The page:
Get to Know …  John DiPersio, MD, PhD 

By Cecilia Brown - Last Updated: August 21, 2023

John DiPersio, MD, PhD, the Virginia E. and Sam J. Golman Professor in Medicine and Director of the Center for Gene and Cellular Immunotherapy at the Washington University School of Medicine in St. Louis, discusses the key events that shaped his career, his lab’s most transformative research, and the future of transplant. 

Where did you grow up and when did you know you wanted to be a physician-scientist? I was born in the north end of Boston. I lived in Belmont and Brighton. Then I moved to Scituate, a town south of Boston, where I grew up through high school. I went to a large Catholic high school in Braintree, Massachusetts.  

 I was interested in science, mostly physics and astronomy. My dad was a pilot who worked for the US Air Force. When I was in high school, I wanted to go into aeronautical space engineering, but I lost my left eye playing hockey, so my flight career was terminated. I couldn’t become a pilot or an astronaut.  

I went to Williams College, and I decided to regroup. I majored in biology with a minor in chemistry and did some research projects. I was interested in medical school and pursuing a career as a physician-scientist. 

What led you to specialize in hematologic oncology and hematopoietic stem cell transplantation (HSCT)? I did a research project and thesis in college with Bill DeWitt, PhD, who studied red blood cell production in the frog. 

When I went to medical school, I did an MD-PhD. My doctoral advisor was a hematologist, and we were trying to identify a protein that stimulated white blood cell production. My project was to purify and characterize the first white blood cell growth factor. We made a lot of progress. Although I didn’t identify it when I was a graduate student, it turned out to be a cytokine called GM-CSF. It was later cloned by a pharmaceutical company.  

When I finished my residency in medicine at the University of Texas (UT), I was interested in a hematology-oncology fellowship and went to the University of California, Los Angeles (ULCA). I joined a lab that focused on hematopoietic growth factors, stem cell biology, and the genes involved in progression to acute leukemia. I continued working to identify growth factors, and we finally succeeded.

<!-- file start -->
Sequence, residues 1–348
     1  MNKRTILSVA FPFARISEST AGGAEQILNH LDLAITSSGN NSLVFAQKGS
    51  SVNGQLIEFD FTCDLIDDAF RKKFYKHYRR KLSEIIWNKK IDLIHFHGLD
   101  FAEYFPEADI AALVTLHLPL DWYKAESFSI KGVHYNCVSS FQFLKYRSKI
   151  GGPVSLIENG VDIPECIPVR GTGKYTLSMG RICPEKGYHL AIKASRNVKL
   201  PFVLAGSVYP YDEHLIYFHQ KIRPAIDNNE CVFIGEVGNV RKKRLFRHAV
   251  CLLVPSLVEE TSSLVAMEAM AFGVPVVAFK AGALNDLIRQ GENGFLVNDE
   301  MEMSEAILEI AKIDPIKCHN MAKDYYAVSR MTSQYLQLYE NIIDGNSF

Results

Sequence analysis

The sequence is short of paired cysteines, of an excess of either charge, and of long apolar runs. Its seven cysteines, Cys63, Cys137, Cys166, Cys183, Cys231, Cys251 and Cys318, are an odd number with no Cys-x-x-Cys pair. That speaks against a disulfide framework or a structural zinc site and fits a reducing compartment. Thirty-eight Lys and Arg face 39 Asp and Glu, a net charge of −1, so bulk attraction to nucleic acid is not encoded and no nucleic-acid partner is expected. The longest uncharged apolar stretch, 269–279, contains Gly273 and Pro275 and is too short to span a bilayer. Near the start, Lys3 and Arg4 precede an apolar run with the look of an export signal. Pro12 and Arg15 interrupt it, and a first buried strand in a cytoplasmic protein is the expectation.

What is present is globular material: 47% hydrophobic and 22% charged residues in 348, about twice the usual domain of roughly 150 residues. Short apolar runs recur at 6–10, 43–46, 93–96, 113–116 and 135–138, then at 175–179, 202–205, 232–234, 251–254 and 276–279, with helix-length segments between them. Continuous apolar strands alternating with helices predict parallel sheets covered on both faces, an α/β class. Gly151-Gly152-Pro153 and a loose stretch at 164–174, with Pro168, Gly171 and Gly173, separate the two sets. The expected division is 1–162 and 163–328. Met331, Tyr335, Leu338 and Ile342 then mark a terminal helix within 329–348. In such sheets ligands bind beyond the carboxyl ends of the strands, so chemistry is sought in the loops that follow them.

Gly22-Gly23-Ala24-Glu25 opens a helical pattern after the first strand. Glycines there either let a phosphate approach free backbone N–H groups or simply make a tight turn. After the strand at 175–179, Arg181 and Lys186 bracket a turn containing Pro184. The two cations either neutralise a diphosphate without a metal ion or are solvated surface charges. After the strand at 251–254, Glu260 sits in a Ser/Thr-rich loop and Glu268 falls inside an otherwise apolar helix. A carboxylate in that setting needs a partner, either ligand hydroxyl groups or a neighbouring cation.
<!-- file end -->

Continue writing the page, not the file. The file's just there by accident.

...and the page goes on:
After my postdoc at UCLA, I got a job there as an attending in hematology-oncology. Then I went to the University of Rochester as the first director of its Bone Marrow Transplant Program.  

I was recruited to Washington University in 1994 as the head of the Transplant Division. A year or two after I arrived, I was appointed chief of the Division of Oncology, which included bone marrow transplant and solid tumor oncology. We had only six or seven faculty at that point. Now we have 150 faculty. We started with about 16 employees. Now we have 1,600 employees. 

Was there a particular mentor or group of mentors who shaped your career path? Dr. DeWitt got me involved with blood cell production research when I was in college. Marshall Lichtman, MD, was my major mentor in medical school. He became the President of the American Society of Hematology and the Dean of the University of Rochester. He’s a great colleague and friend.  

Don Seldin, MD, who was the Chairman of Medicine at UT Southwestern at Parkland Hospital, always reminded me that academic medicine was what I wanted to do. He was supportive of me pursuing a career as an academic physician-scientist. 

When I got to UCLA, Judy Gasson, PhD, was my mentor, and I worked in her lab. She became the Cancer Center Director at UCLA. I was also under the mentorship of David Golde, MD, who was the Head of the Hematology Division at that time.